The Large Hadron Collider has proven to be incredibly valuable in testing theoretical predictions in particle physics, and it seems likely that the experimental results facilitated by the Large Hadron Collider will help to answer some of physics’ biggest unanswered questions


The European Organisation for Nuclear Research (CERN) came into being in 1954 with the primary objective to study the basic constituents of matter. This was to be achieved by colliding subatomic particles at close to the speed of light to produce energy which is subsequently transformed into matter in the form of new particles. One such new particle is the notorious Higgs boson, which was first proposed by Peter Higgs in 1964 and discovered in the particle accelerator known as the Large Hadron Collider nearly 50 years later.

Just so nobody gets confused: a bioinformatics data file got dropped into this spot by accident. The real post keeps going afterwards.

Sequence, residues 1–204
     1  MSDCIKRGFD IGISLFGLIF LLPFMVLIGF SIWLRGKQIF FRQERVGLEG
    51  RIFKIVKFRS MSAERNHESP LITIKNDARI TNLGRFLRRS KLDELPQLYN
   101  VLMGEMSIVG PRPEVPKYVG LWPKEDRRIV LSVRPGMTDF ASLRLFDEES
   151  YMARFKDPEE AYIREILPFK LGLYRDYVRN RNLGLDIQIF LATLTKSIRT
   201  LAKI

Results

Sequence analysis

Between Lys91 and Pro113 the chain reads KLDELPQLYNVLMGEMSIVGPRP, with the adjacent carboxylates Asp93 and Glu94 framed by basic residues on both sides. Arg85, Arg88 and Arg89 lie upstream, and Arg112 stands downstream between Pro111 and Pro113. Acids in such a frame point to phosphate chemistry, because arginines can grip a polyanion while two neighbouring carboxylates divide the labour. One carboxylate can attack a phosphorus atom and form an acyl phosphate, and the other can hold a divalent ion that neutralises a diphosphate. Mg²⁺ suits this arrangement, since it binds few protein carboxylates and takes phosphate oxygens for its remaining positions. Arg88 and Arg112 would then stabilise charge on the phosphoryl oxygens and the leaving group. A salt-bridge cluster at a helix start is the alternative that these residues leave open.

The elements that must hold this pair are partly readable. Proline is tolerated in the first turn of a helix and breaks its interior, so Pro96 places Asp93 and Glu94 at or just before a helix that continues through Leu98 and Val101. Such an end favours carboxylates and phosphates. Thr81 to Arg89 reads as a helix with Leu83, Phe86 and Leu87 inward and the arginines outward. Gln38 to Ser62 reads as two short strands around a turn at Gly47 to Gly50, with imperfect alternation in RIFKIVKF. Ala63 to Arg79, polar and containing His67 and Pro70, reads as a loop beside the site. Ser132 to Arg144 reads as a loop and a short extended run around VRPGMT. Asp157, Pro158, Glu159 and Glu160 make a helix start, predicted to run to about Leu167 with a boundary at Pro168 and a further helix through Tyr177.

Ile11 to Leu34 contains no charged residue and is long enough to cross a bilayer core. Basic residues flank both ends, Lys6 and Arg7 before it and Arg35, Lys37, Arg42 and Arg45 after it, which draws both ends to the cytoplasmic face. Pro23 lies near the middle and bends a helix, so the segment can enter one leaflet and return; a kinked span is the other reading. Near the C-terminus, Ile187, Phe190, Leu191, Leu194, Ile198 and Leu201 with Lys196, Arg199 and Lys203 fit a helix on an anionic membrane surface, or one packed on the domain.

The discovery of the Higgs boson was particularly noteworthy as it is thought to be the carrier particle of the Higgs field—the field thought to endow all subatomic particles with mass through its interactions with them. Furthermore, it proved the efficacy of the Standard Model of particle physics—the theory which describes three of the four known fundamental forces (electromagnetic, weak and strong interactions) in the universe and classifies all known elementary particles.

Thus, the Large Hadron Collider has proven to be incredibly valuable in testing theoretical predictions in particle physics, and it seems likely that the experimental results facilitated by the Large Hadron Collider will help to answer some of physics’ biggest unanswered questions. However, with the cost of finding the Higgs Boson totalling around $13.25 billion, it seems such enlightenment does not come cheap.